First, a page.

Smith’s illustrations of figures in this deck tend toward showing sunken in cheeks and sallow complexions. It’s this perfect little detailing and touch to the style of the deck that I appreciate.
Smith’s ability to tell stories is on a genius level. I can stare into every card and just get lost in the story. He has a master level of control over color tones and values as well (which, I felt like, the production value for the cards didn’t support– while my camera auto adjusts color contrast so these photographs came out clear, the actual physical copy of the cards in hand didn’t print color contrast very well, and so the printed color looked muddy at times).
Here in the Nine of Pentacles, the coins are embedded into the scarab beads of the necklace around her neck. I love the concept. The way she gazes at the viewer and the ship in the background, the proportion of sky to sea all work collaboratively to tell the story of Scheherazade and her story of Sinbad the Sailor.
And now let’s get to your reading. Remind yourself of the question you’ve asked and which card you had picked. Here’s your reading result, based on the card descriptions and meanings attributed per the companion guidebook:
This is a reference to “The Fall of the House of Usher.” There are fissures in the house, a storm brewing, collapse, cracks in the foundation, and a story about illness and death. Collapse is the theme here, and events around you are certainly shocking. What a hit you’ve taken. But take heart, you will rebuild after this darker chapter of your life. What will result after reconstruction will be something magnificent, a grandeur that would not be possible without this current phase you find yourself in. What’s happening now is necessary for the greatness you’ll soon achieve.
Eight of Wands
This is “The Raven.” Suddenly there came a tapping… as of someone gently rapping, rapping at my chamber door… Changes are coming, and they come swiftly. Opportunity knocks and you need to be quick on your feet. Do not stall when making your decision. What decision to make, you ask? The one that brings change, that takes you forward. Heck, there may be travel in your short-term future. If you’ve asked a heavier question and received this card for your reading, consider the possibilities of relocation. If your inquiry was work-related, your career is about to take off and soar, in all the good ways.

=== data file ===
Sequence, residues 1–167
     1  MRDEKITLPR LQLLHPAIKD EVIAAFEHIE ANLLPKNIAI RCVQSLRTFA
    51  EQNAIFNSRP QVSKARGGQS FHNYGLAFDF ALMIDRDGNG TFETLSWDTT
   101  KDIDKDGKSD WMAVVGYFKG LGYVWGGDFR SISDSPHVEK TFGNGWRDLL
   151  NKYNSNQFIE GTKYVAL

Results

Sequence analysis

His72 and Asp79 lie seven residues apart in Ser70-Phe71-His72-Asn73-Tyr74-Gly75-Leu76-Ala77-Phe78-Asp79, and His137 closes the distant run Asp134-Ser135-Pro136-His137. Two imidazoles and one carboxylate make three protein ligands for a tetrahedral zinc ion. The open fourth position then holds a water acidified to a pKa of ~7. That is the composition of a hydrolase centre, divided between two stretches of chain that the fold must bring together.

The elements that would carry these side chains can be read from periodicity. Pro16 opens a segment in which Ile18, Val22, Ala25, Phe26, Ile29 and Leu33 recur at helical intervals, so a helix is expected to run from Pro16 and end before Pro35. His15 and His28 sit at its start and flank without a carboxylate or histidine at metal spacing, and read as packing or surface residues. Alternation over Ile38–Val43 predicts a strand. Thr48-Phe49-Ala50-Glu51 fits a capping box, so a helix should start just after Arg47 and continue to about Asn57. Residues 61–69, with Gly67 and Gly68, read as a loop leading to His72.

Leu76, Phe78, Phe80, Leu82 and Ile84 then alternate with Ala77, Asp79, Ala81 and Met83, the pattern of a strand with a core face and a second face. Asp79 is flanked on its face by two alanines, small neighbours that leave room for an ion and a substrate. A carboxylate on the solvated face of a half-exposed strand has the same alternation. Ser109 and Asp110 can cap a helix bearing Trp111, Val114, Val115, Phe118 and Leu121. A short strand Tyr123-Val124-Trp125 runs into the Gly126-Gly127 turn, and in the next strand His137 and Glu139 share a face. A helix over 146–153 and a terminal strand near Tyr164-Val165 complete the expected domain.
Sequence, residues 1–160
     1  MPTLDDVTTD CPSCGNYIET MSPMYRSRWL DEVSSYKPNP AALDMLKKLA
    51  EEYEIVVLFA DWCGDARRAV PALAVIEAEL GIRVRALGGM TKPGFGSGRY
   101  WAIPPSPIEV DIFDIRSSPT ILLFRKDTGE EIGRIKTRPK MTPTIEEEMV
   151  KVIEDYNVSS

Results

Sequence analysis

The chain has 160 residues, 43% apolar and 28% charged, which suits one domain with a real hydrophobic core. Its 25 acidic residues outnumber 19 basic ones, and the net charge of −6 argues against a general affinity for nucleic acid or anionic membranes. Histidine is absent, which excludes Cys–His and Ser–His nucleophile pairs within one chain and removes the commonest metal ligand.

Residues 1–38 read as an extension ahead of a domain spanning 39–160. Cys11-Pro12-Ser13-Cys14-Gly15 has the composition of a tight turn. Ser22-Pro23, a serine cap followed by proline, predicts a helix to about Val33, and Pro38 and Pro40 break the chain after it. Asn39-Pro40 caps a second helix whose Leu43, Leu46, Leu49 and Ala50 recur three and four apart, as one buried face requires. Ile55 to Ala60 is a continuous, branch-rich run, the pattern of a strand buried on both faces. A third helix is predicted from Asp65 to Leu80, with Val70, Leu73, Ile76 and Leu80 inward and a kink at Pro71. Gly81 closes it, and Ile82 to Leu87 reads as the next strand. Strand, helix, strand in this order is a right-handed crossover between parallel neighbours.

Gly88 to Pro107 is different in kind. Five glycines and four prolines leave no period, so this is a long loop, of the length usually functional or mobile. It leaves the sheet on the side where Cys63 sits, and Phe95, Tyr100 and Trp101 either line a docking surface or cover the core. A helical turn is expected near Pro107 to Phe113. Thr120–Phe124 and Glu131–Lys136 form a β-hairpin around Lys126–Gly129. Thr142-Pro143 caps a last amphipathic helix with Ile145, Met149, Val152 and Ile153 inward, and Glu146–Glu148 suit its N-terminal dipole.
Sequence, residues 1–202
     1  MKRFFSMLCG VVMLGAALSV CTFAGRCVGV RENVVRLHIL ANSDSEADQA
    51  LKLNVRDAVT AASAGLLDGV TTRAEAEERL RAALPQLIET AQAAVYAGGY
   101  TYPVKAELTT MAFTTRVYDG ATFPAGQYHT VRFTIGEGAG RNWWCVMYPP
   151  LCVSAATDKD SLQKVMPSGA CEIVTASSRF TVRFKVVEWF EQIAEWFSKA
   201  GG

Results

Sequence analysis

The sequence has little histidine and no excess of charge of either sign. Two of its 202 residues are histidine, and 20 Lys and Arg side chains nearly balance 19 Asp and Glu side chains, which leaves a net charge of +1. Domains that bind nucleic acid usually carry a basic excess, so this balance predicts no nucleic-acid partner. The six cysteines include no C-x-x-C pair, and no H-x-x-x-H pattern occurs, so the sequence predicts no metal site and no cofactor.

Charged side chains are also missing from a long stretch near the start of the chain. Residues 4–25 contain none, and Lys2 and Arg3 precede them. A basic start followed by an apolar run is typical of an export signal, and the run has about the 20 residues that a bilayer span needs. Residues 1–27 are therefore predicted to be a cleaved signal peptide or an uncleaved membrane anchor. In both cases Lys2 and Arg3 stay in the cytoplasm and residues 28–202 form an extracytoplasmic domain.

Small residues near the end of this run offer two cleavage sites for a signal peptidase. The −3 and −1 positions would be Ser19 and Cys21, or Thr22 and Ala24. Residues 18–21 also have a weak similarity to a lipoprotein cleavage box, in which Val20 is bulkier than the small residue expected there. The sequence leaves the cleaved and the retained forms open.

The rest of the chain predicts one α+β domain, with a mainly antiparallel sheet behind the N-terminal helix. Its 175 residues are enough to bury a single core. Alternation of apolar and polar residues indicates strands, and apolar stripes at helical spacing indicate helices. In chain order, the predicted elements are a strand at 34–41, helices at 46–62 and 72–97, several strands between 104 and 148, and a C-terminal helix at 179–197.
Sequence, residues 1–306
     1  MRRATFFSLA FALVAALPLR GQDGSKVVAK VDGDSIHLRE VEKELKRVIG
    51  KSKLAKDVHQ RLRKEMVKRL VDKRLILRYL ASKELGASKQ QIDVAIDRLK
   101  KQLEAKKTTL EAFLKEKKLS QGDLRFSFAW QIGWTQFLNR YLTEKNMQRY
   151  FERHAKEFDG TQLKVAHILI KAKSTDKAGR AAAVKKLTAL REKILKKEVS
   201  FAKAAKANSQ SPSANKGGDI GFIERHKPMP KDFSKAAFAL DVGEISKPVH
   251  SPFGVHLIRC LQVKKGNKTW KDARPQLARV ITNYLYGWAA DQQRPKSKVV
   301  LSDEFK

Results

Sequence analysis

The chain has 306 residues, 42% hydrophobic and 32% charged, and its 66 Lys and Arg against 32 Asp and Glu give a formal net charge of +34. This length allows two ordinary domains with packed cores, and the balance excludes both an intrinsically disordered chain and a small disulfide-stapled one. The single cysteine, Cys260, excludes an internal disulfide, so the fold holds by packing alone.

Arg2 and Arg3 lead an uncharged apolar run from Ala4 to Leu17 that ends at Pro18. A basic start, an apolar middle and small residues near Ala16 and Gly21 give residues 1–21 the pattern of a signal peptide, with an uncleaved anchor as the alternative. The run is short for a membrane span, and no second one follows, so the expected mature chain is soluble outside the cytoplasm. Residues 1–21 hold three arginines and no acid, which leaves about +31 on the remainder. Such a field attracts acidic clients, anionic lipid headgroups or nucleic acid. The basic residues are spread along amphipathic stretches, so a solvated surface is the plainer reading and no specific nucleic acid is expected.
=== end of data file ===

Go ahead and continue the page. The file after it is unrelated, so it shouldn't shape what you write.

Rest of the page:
Queen of Swords
This is the story “Ligeia,” about a highly intelligent, precocious polymath heroine. Likewise, you’re highly talented and gifted. In the story, Ligeia dies and subsequently her spirit possesses the body of her husband’s new wife, Lady Rowena Trevanion. The sphinx here is representative of your determination and intellect. You’re one who has never really had a filter, yeah? You’re the rational skeptic who is the only one in your group right now who can wade through the morass of falsehoods to get to the truth. You’re now being called to step up, be even more proactive, and take the helm to be the leader. Lead, dammit.
The dark romantic aesthetic with a tint of the macabre is beautifully executed in the Edgar Allan Poe Tarot. The guidebook is a great primer for beginners or those who know nothing about the tarot, so this deck and book set would make a perfect gift for anyone, no matter their proficiency or knowledge of the tarot.
Got a friend with a penchant for the gothic? A creative writing student or MFA candidate? Just someone you know who loves Poe? This would make the perfect gift for them. As a whole package, from the top notch guidebook to the concepts, the compositions of each illustration, the color palette, and how the writings of Poe have been reconciled with the tarot deck, the Edgar Allan Poe Tarot is a stunner.
FTC Disclosure: In accordance with Title 16 of the U.S. Code of Federal Regulations Part 255, “Guides Concerning Use of Endorsements and Testimonials in Advertising,” I received this deck for prospective review. Everything I’ve said here is sincere and accurately reflects my opinion.
2 thoughts on “The Edgar Allan Poe Tarot by Rose Wright and Eugene Smith”
Something tells me I may need this deck.